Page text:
Health conscious consumers are increasingly ditching old favourites vegetable and canola oil for trendy alternatives like coconut and peanut oil. But are they any healthier? And how do they compare with other options such as heated olive oil and butter?
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The short answer is, it depends. The long version requires a quick lesson in food science.
Fats and oils = lipids
Edible fats and oils are all part of the lipid family. Fats, such as butter, are solid at room temperature and oils are liquid; their solidity depends on their chemical makeup.
Both are comprised of triglycerides, which have a glycerol backbone and three fatty acids attached. The fatty acids are the important part of the molecule and can be of different lengths and have different numbers of double bonds. They are organised into three groups:
- Saturated fats are mainly derived from animal products such as meat and dairy. They have no double bonds.
- Monounsaturated fats are found in olive oil, avocados and macadamia nuts. They have one double bond.
- Polyunsaturated fats come from corn, seed and nut oils (omega 6) and seafood (omega 3). They have two or more double bonds.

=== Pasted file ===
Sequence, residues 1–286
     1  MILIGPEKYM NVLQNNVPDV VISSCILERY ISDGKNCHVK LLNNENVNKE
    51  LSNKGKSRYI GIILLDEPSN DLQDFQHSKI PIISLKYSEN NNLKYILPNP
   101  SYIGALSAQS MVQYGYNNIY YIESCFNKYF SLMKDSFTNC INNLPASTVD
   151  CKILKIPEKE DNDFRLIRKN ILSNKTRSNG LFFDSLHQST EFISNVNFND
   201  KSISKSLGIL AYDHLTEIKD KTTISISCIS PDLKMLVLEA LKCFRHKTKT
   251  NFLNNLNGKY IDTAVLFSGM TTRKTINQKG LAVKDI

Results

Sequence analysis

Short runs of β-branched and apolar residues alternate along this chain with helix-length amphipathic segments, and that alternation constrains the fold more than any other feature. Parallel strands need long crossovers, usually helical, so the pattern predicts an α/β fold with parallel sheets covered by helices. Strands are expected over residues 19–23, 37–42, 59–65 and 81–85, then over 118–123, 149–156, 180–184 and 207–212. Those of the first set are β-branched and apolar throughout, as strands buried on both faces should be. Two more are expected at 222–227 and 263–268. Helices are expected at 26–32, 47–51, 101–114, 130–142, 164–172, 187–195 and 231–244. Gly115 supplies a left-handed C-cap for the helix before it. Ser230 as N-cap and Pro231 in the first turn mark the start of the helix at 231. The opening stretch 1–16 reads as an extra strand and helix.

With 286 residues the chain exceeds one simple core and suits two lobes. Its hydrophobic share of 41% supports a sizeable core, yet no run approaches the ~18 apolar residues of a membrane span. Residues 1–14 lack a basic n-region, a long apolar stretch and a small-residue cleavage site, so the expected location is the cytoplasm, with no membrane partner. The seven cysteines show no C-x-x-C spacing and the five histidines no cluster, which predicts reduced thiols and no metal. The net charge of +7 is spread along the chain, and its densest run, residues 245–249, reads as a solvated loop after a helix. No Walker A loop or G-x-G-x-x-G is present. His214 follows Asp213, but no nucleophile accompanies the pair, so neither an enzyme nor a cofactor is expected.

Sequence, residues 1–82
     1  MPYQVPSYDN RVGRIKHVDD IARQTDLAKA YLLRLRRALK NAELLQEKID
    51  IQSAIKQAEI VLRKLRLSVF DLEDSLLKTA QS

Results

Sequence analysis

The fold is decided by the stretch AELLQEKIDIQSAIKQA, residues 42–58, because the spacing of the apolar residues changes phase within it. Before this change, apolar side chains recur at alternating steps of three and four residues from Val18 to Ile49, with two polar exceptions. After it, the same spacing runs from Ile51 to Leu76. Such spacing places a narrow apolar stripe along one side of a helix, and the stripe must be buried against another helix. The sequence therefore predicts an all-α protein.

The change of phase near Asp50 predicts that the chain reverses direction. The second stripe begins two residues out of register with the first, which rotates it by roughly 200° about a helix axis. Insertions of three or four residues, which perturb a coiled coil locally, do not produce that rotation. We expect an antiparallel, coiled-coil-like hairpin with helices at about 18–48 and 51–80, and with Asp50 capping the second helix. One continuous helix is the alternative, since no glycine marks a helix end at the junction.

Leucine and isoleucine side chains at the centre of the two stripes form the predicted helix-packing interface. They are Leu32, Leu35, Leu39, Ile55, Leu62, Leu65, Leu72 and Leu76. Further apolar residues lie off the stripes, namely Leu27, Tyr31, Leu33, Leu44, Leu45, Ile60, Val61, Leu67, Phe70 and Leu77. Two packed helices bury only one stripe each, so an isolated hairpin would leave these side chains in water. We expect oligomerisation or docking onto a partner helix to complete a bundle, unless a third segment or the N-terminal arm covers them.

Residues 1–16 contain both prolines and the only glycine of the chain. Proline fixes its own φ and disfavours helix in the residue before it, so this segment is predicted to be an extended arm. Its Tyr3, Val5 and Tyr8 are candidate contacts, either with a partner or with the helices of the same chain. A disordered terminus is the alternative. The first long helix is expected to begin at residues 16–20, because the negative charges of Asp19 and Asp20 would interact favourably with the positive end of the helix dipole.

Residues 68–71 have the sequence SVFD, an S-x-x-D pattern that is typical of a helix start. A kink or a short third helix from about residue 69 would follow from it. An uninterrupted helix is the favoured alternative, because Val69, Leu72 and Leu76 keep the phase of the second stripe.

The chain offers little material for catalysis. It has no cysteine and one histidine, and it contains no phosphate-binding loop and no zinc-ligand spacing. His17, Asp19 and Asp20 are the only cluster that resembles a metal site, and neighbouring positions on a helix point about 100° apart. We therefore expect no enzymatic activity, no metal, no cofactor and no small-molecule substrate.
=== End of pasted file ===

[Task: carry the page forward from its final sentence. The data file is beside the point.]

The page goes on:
Fats and oils always include a range of saturated and unsaturated fatty acids. The greater the proportion of saturated fatty acids, the more solid it will be at room temperature.
Why we need fats and oils
Once digested, we use the fatty acids to maintain the function of our body's cells and cell membranes, in hormones and in neurotransmitters. They're also important for our skin, hair and nails, and they keep us warm and cushion our internal organs.
Fats and oils are used for energy production and provide the most energy per gram of all the macronutrients (fat 37kJ/g; carbohydrate 16kJ/g; and protein 17kJ/g).
But it's important to balance the amount of fat we eat and the energy we expend in order to prevent obesity.
Type of fat eaten is also important:
- saturated fats have been associated with chronic illnesses such as heart disease
- monounsaturated fats appear reasonably neutral
- polyunsaturated fats are recognised as protective.